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Michael O’Donnell, PhD

The Rockefeller University
New York, New York

Titles and Affiliations

Investigator, Howard Hughes Medical Institute
Anthony and Judith Evans Professor,
Laboratory of DNA replication

Research area

Identifying targeted approaches for the treatment of BRCA-driven breast cancer.


Many breast and ovarian cancers arise from defects in a DNA repair pathway called homologous recombination (HR). Mutations in genes that control HR give rise to breast cancer, such as the well-known BRCA1 and BRCA2 genes. Defects in HR result in the buildup of DNA mutations in breast cells that lead to breast cancer. In normal cells, this type of DNA damage would likely be lethal, but tumor cells can rely on back-up or secondary DNA repair pathways to survive and grow.

Progress Thus Far

The research team of Drs. O’Donnell, Holloman, and Powell are working to identify small molecule compounds (drugs) that directly block secondary DNA repair pathways that are critical to the survival of BRCA-driven breast cancer. These new drugs are highly selective in killing tumor cells, without negative side effects towards healthy cells in the body because healthy cells still have the normal HR pathway to repair their DNA. The team has identified several promising candidates and are now validating and verifying that they are functioning as expected.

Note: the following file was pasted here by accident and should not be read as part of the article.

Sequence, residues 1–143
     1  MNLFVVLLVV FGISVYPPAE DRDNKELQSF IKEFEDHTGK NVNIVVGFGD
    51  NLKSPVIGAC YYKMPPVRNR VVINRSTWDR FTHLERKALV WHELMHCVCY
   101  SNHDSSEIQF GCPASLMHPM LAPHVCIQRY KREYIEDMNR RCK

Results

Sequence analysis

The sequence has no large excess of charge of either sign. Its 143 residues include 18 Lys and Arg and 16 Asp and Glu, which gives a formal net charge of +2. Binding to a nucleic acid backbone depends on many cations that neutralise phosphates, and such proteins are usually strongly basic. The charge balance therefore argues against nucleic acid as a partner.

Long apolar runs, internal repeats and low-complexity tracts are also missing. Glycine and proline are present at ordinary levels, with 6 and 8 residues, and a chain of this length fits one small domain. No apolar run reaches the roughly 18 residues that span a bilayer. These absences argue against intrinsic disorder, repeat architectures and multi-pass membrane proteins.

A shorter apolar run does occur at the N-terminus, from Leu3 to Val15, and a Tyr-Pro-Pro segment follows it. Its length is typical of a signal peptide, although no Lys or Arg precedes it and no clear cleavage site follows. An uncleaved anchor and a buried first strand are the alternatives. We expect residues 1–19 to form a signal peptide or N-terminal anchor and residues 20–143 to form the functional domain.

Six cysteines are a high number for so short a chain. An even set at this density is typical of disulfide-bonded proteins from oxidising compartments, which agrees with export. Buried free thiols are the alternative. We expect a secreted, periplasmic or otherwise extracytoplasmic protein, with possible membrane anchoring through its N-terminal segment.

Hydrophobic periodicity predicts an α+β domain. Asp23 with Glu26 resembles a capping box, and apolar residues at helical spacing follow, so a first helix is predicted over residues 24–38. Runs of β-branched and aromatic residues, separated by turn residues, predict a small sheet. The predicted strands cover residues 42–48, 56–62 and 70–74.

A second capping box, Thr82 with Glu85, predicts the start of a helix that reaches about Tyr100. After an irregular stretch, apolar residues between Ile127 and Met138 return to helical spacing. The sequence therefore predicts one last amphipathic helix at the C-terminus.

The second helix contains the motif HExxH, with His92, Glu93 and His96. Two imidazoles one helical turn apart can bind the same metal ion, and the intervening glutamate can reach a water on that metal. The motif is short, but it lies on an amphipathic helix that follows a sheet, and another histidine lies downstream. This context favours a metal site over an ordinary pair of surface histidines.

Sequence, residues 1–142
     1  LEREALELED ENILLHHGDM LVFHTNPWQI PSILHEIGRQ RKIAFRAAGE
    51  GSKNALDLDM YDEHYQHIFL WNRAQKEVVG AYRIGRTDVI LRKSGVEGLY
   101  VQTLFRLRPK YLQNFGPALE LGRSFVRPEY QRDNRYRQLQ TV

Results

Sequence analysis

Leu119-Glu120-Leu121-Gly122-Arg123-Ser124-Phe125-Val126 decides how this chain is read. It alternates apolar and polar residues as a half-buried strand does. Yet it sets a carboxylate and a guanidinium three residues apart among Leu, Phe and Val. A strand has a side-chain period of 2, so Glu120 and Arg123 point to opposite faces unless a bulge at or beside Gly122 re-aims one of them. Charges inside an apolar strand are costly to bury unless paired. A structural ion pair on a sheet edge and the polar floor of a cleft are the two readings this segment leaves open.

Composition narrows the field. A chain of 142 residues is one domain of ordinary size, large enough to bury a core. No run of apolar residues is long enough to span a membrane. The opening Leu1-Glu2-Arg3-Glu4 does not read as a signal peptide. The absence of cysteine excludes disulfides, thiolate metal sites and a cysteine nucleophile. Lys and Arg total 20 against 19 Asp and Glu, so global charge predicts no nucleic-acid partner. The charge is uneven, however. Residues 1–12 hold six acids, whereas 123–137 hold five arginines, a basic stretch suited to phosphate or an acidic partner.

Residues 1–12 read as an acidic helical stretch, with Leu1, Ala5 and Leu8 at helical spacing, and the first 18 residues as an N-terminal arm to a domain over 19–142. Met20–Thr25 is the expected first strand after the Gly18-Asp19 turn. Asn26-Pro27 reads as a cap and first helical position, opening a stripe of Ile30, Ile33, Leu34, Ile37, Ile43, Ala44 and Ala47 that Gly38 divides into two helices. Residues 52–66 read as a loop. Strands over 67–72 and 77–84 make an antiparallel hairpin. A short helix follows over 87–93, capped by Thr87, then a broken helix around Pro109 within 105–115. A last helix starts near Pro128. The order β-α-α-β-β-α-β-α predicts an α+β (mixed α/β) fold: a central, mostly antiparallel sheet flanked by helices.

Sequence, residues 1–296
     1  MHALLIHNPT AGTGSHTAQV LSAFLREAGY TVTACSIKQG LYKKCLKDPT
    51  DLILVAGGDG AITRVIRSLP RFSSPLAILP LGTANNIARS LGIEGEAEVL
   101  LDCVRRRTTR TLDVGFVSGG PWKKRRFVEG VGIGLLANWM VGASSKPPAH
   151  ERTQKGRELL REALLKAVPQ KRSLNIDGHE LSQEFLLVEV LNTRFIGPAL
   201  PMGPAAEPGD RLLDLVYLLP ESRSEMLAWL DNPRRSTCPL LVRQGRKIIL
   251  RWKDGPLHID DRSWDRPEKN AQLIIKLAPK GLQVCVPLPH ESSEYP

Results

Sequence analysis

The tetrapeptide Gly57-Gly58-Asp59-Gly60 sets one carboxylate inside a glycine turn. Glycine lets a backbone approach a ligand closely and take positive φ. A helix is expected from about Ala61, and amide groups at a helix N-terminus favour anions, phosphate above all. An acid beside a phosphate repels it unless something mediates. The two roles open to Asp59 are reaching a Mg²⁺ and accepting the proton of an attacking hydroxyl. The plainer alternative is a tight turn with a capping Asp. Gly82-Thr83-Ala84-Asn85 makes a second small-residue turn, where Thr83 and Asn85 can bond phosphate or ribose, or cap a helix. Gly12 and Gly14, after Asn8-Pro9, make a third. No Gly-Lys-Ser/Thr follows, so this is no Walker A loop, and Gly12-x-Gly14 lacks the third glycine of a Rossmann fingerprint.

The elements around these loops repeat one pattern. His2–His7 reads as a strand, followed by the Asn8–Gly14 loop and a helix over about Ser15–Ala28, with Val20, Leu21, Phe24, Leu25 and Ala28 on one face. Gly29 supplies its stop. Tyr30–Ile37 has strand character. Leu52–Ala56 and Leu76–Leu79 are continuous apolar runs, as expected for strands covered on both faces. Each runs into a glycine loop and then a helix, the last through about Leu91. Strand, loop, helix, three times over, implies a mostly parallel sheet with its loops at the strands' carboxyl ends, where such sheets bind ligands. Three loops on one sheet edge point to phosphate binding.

What’s next

In the coming year, the team will refine the candidate drugs to optimize their targeting and selective killing in HR-deficient cells and are also developing a new strategy for targeting another molecule involved in DNA repair. The team is hopeful that these drugs will open up new opportunities for treating BRCA-deficient breast cancers without the eventual resistance to therapy that these tumors often develop.


Michael O’Donnell, PhD is the Anthony and Judith Evnin Professor at The Rockefeller University. He studies the molecular machinery that replicates DNA and duplicates the cellular genome. Several years ago, his laboratory made the first discovery of a protein that encircles DNA and functions as a sliding clamp to hold DNA polymerases to the chromosome. The sliding clamp is opened and closed around DNA by a clamp loading apparatus, another part of the DNA replication machine. Clamps and clamp loaders generalize to all cell types from bacteria to humans and have also been found to act as a central platform for numerous processes in DNA repair.

Dr. O’Donnell received his PhD degree at the University of Michigan and performed postdoctoral work at Stanford University on DNA replication with the Nobel laureate Dr. Arthur Kornberg and then on herpes simplex virus replication with Dr. Robert Lehman. Dr. O’Donnell was a member of the faculty of Cornell University Medical College before moving to Rockefeller. He is an investigator of the Howard Hughes Medical Institute and is a member of the National Academy of Sciences.

BCRF Investigator Since


Areas of Focus

Treatment Tumor Biology


William Holloman, PhD

Weill Cornell Medical College
New York, New York

Simon Powell, PhD

Memorial Sloan Kettering Cancer Center
New York, New York